97. It follows from Ryder LJ's analysis that the evaluation of welfare and the assessment of proportionality are two sides of the same coin. The assessment of proportionality which the court is obliged to carry out as a public authority will inevitably involve an evaluation of welfare. In my judgment, this analysis applies equally to applications under s.25. Accordingly, the interpretation of s.25 proposed by Hoffman LJ in Re M – that the function of the court is to control the exercise of power by the local authority rather than to exercise an independent jurisdiction in the best interests of the child – and the approach suggested by Charles J in S v Knowlsey – that the court should assess welfare issues under s.25 on the basis that the local authority is the decision maker – are, in my view, incompatible with the court's duty under s.6 of the Human Rights Act. On an application under s.25, the court must carry out its own evaluation of whether the order would safeguard and promote the child's welfare. The intensity of that evaluation will depend on the facts of each case. In most cases, it is unlikely to involve a wide-ranging inquiry. The question for the court is whether, in all the circumstances, including the need to protect the public, the proposed order would safeguard and promote the child's welfare


Relevant criteria revisited

98. Having analysed the roles played by welfare and proportionality in the decision-making process under s.25, I conclude that, in determining whether the "relevant criteria" under s.25(3) and (4) are satisfied, a court must ask the following questions.

(1) Is the child being "looked after" by a local authority, or, alternatively, does he or she fall within one of the other categories specified in regulation 7?

(2) Is the accommodation where the local authority proposes to place the child "secure accommodation", i.e. is it designed for or have as its primary purpose the restriction of liberty?

(3) Is the court satisfied (a) that (i) the child has a history of absconding and is likely to abscond from any other description of accommodation, and (ii) if he/she absconds, he/she is likely to suffer significant harm or (b) that if kept in any other description of accommodation, he/she is likely to injure himself or other persons?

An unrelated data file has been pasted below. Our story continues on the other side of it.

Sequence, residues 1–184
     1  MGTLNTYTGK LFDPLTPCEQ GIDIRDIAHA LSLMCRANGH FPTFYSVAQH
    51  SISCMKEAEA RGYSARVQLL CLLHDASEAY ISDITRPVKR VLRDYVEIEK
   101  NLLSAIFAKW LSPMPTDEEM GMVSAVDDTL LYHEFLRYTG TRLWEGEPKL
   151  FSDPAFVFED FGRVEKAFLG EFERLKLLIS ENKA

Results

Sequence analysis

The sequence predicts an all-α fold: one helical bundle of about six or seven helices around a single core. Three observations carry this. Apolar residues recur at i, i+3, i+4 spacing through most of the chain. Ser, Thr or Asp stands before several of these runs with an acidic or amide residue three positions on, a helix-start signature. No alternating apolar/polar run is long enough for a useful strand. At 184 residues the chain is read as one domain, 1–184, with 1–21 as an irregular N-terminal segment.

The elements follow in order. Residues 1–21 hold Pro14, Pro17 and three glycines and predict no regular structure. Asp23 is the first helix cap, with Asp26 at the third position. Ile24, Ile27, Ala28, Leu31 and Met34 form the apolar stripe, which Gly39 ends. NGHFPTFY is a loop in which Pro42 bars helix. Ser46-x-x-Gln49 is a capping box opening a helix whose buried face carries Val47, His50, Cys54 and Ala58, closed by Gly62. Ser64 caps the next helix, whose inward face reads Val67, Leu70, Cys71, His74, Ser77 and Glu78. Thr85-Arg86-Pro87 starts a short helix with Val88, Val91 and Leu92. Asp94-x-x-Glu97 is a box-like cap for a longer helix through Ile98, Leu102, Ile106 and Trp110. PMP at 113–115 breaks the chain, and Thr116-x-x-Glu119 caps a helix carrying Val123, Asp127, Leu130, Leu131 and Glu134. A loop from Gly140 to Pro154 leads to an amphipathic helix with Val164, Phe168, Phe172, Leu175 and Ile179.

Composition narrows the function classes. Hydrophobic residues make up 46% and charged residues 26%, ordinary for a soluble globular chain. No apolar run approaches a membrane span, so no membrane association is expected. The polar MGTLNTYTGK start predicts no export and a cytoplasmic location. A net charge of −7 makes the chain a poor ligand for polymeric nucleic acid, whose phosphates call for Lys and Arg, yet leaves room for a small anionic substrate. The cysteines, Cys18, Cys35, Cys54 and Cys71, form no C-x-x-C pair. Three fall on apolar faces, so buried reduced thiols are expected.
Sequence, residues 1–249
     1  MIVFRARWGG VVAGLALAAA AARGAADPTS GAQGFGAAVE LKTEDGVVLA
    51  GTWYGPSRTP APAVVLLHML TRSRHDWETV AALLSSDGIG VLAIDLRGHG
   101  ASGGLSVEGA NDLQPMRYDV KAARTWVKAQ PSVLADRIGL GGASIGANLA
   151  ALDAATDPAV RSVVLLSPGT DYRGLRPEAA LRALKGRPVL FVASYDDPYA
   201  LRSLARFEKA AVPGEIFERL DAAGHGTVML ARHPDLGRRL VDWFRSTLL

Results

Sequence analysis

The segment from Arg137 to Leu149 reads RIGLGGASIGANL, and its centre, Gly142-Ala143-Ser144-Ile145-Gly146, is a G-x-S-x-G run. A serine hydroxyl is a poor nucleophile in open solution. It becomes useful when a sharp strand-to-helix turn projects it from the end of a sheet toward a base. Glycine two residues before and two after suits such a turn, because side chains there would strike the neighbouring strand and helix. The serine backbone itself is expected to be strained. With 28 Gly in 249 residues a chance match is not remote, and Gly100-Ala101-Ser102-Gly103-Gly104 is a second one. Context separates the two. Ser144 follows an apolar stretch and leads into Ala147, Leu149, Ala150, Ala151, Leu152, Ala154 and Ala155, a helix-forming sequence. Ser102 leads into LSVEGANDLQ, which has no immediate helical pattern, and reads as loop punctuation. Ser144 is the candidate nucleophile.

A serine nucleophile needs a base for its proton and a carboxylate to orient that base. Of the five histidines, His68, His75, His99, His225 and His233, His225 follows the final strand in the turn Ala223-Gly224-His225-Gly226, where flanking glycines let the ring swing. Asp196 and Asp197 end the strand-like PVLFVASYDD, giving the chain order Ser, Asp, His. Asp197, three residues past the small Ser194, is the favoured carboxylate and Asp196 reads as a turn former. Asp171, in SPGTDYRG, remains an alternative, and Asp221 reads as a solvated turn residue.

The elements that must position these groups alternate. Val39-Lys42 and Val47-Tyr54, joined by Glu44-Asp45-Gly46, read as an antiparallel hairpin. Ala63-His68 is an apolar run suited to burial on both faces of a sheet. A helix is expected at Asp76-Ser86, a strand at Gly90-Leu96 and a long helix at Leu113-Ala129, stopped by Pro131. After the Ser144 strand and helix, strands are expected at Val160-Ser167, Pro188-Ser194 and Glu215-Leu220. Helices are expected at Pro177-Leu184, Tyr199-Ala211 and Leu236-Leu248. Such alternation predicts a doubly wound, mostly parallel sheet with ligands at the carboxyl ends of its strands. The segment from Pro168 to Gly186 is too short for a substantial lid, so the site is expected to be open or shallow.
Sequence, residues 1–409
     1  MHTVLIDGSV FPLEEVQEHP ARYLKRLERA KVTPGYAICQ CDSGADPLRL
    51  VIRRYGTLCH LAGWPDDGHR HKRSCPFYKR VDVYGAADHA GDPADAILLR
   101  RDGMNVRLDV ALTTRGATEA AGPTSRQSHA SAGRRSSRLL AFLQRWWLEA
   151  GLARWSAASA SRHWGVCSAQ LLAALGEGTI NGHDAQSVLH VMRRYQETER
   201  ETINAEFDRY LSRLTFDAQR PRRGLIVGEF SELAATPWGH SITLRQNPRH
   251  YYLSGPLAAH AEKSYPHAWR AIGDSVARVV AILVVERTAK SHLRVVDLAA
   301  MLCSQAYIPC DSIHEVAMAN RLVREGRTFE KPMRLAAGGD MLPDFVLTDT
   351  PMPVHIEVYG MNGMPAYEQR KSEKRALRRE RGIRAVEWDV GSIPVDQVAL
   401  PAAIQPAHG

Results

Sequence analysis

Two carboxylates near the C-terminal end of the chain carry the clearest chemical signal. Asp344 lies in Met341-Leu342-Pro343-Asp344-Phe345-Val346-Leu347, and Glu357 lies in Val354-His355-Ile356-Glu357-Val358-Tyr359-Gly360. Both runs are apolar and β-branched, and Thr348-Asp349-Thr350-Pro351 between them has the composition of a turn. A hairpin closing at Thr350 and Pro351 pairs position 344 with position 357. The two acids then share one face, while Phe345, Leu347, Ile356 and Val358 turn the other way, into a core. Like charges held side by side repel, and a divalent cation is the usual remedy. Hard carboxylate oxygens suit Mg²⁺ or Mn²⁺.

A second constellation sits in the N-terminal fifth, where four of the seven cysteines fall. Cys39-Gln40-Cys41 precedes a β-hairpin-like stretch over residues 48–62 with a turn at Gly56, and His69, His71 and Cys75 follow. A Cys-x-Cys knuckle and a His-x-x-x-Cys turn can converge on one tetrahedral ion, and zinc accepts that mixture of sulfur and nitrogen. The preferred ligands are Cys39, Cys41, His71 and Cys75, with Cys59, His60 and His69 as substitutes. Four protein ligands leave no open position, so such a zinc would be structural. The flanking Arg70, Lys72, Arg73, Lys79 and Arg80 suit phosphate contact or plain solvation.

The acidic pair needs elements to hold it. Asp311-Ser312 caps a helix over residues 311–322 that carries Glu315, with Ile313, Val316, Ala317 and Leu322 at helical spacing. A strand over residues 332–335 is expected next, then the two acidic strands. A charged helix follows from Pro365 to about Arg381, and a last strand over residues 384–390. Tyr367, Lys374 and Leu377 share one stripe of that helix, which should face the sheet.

(4) If the local authority is proposing to place the child in a secure children's home in England, has the accommodation been approved by the Secretary of State for use as secure accommodation? If the local authority is proposing to place the child in a children's home in Scotland, is the accommodation provided by a service which has been approved by the Scottish Ministers?

(5) Does the proposed order safeguard and promote the child's welfare?

(6) Is the order proportionate, i.e. do the benefits of the proposed placement outweigh the infringement of rights?

(In the rare circumstances of the child being aged under 13, Regulation 4 of the 1991 Regulations require that the placement must also be approved by the Secretary of State.)

99. If the relevant criteria are satisfied, s.25(4) obliges the court to make an order under the section authorising the child to be kept in secure accommodation and specifying the maximum period for which he or she may be so kept. In its submissions to this court, the ALC was rightly anxious to preserve the use of what it called "imaginative arrangements" – the arrangements characterised by Hayden J in Re SS as "the creative alternative packages of support" – and was concerned they would be squeezed out by too wide a definition of  "secure accommodation". The recasting of the interpretation of the relevant criteria under s.25 suggested in this judgment preserves the flexible approach advocated by the ALC.  If the court determining an application under s.25 is obliged to conduct an evaluation of welfare and an assessment of proportionality, and in doing so applies the principle that a secure accommodation order should always be a last resort, the court will be under an obligation to consider alternative arrangements.

100. In my view, the date at which the relevant criteria must be satisfied is the date of the hearing. I reject Mr Feehan's submission that the time for assessment as to whether the relevant criteria are satisfied is immediately before emergency protective measures are taken. That interpretation would have the consequence that, once a court was satisfied that the criteria had been met at the point where the application under s.25 was filed, the court would be obliged at a subsequent hearing to make an order under s.25 even if the likelihood of absconding and/or significant harm had abated. Such an interpretation would be plainly contrary to the terms of s.25 itself which prohibits a child being kept in secure accommodation unless the statutory criteria are satisfied.

101. S.25 does not cover all circumstances in which it may be necessary to deprive a child of their liberty. As Lady Black observed in Re D, at paragraph 100: